NRIs have to pay tax in India on capital gains from shares, mutual funds, term deposits, and property rentals even if their income earned abroad is not taxable.
Taxation is a crucial element of the Indian economy. Services and products availed by Indian citizens are taxed in various ways. Consumption taxes are meant to make products and services more attractive to consumers. Tax deducted at source, income tax, service tax, and property tax are some of the common forms of taxation that most Indians are familiar with. Taxation in India affects people who are not residents of India, but are of Indian origin, so we have to ask how it impacts non-resident Indians.
Non-resident Indians must also pay appropriate taxes when they fall under the Income Tax Act of 1961. This category covers how NRI taxes should be handled and what they are. The taxation of NRIs encompasses aspects such as income taxes, wealth taxes, and property taxes. Read more to know about nri taxation in india.
Income Tax for NRIs:
NRIs should understand clearly how they become liable to pay tax in India. As defined by the FEMA (Foreign Exchange Management Act), a citizen of Indian origin can only be considered an NRI if he or she has spent a specified number of days abroad and maintained a relative absence from the country.
India does not tax the income earned by an NRI abroad by default. In contrast, if NRIs earn income in India through investments in shares, mutual funds, rental properties, and term deposits that exceed the basic exemption limit, they would have to file a tax return.
Because TDS is levied at the highest rate on capital gains earned from term deposits, shares, and mutual funds, NRI income from India is taxed at the highest rate. In most cases, no tax returns are required. On the other hand, TDS can sometimes exceed the NRI’s basic tax liability. The only way to claim a tax refund is to file tax returns.
Taxation Rules for NRIs:
There is a significant difference between the taxation rules in India for NRIs and the rules for resident Indians. The following are some important points to note:
- There are no gender, age, or other specifics involved in the income tax slabs for NRIs
- NRIs are charged TDS regardless of any threshold value for their incomes
- Except in certain circumstances, no nominal deductions are allowed on investment income
- In general, NRIs do not need to file their taxes if their income falls under Section 115G.
NRIs are covered under the following sections of the Income Tax Act:
Computation of Tax (Section 115D) –
Investment income of an NRI is not deducted
If the assessee is an NRI
A deduction is not allowed on gross total income (including investment income and long-term capital gains).
Investment and long-term capital gains income will be reduced, and the remaining amount might be eligible for deductions under Chapter VI-A if it only accounts for a portion of the gross total income.
Income tax on investment and long-term capital gains (Section 115E) -If the total income of an NRI includes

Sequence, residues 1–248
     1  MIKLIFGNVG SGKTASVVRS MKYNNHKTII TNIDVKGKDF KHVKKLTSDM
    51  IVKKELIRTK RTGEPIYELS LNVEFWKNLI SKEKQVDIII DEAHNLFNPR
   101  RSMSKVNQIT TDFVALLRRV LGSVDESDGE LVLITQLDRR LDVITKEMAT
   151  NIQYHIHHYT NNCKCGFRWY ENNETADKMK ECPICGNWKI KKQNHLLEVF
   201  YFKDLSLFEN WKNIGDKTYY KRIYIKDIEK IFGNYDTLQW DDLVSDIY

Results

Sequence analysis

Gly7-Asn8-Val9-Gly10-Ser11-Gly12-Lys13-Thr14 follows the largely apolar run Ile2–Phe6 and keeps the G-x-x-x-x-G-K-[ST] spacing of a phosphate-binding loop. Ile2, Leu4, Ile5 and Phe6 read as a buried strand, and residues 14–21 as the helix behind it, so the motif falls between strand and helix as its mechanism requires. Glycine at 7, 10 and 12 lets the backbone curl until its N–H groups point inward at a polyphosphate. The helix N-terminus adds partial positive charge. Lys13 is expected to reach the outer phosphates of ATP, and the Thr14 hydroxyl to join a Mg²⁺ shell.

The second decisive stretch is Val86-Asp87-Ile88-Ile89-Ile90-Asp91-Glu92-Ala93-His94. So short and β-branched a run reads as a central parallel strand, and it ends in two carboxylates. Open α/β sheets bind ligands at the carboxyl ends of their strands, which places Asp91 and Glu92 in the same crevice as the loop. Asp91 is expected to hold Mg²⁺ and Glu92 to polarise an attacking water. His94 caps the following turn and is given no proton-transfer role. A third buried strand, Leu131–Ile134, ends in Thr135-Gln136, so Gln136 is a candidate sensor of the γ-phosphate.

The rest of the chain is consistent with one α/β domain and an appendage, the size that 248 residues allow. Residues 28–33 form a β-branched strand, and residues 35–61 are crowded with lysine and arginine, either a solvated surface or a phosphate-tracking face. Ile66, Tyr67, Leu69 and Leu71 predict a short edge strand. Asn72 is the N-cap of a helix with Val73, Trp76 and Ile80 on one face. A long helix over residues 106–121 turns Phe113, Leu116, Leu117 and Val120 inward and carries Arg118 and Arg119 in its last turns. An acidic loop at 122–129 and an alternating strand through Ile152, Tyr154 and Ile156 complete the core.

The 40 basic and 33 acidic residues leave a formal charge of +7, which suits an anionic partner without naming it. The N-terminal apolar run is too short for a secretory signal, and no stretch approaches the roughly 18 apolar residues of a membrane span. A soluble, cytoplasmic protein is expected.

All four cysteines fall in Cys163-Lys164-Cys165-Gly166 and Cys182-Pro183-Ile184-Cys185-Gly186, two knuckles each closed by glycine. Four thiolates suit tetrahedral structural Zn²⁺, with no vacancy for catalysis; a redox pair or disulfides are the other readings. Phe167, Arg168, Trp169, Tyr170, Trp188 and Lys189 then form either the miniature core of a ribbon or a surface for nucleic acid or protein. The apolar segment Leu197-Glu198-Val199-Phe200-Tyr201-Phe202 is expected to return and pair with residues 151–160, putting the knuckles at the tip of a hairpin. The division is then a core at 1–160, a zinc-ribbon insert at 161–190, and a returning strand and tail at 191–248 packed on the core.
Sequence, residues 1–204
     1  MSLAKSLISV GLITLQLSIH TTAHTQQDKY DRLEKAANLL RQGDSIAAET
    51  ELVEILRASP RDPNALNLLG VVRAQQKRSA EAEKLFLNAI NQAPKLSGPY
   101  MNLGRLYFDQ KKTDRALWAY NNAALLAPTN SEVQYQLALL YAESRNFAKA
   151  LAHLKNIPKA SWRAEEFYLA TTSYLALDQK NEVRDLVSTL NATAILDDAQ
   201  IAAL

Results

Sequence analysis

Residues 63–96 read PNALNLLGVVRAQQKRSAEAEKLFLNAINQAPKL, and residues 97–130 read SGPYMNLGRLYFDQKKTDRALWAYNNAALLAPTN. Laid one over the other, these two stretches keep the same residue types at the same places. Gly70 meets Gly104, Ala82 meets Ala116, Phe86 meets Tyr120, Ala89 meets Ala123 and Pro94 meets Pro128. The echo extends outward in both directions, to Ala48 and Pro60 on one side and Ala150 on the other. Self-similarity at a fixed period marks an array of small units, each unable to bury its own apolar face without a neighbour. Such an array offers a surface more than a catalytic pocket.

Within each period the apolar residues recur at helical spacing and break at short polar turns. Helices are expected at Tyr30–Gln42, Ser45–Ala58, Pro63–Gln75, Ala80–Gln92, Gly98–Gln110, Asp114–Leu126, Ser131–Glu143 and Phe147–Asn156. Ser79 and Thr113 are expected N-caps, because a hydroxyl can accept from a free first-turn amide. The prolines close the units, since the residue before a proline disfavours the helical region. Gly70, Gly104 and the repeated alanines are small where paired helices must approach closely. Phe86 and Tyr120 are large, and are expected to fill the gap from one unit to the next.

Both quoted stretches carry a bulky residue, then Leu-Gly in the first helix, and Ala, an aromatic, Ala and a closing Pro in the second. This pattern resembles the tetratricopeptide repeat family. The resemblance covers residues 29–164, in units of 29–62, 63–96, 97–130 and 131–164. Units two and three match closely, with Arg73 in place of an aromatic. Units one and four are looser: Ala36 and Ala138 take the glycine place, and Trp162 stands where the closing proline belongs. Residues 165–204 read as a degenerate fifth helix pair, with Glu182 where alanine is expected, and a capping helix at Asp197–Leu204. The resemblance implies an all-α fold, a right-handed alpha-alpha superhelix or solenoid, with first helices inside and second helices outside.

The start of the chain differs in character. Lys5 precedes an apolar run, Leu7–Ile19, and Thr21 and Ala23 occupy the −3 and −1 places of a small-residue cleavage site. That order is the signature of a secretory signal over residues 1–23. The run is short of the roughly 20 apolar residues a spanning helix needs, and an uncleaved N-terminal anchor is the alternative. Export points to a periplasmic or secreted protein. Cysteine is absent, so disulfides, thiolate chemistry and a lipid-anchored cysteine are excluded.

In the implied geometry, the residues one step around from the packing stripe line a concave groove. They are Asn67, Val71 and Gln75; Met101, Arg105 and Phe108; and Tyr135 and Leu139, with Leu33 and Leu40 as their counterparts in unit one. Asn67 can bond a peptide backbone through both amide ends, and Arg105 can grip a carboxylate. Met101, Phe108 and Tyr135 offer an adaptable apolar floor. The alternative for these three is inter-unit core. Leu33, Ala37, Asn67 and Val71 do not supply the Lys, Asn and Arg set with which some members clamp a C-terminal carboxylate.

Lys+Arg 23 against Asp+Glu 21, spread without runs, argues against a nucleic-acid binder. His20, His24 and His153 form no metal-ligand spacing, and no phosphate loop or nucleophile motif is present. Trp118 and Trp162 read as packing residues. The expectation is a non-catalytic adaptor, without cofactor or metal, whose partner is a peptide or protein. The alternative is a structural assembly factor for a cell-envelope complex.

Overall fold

Any investment income or long-term capital gains derived from any asset other than shares in an Indian company, debentures issued by or deposits with a non-private Indian company, or any security of the Central Government or assets specified by the Central Government.
In the case of capital gains earned over a long period of time, the NRI will have to pay tax on the aggregate of the following –
In 2(a), the investment income portion is taxed at a rate of 20%
Income tax calculated at the rate of 10% on the long-term capital gains income portion as mentioned in 2(b)
If clauses 2(a) and (b) had been reduced from the total income, income tax would have been charged
In certain cases, foreign exchange assets are not liable to capital gains taxes (Section 115F) – This entails the exceptions where foreign exchange assets will not be taxed when transferred
In cases where an NRI has invested part or all of the capital gains resulting from the transfer of a foreign exchange asset into assets specified by the Central Government within 6 months and the cost of acquiring the new asset is equal to its value, such capital gains are not taxable.
The capital gain not charged from the transfer of an asset will be a chargeable income if the asset is transferred or converted into money within 3 years of acquisition
Non-filing of returns of income in specific cases (Section 115G) –
During the previous year, only capital gains and/or investment income contributed to total income
TDS has been deducted from the above mentioned income
Taxation benefits of NRIs who become residents (Section 115H) – This relates to the requirement to declare a return of income from investments in foreign exchange assets if an individual is an NRI in the previous year and becomes a resident in the following year, which changes how he is assessed under tax laws. Tax provisions will remain in effect until the asset has been converted into money
Non-application of provisions for NRI taxation (Section 115I) – This is an exclusion rule that allows an NRI to choose whether or not to consider their income as investment income or capital gains. In the absence of such a choice, all income derived from sources in India is taxable
In addition, the above rules are subject to change at the discretion and direction of the Central Government and the Income Tax Department of India.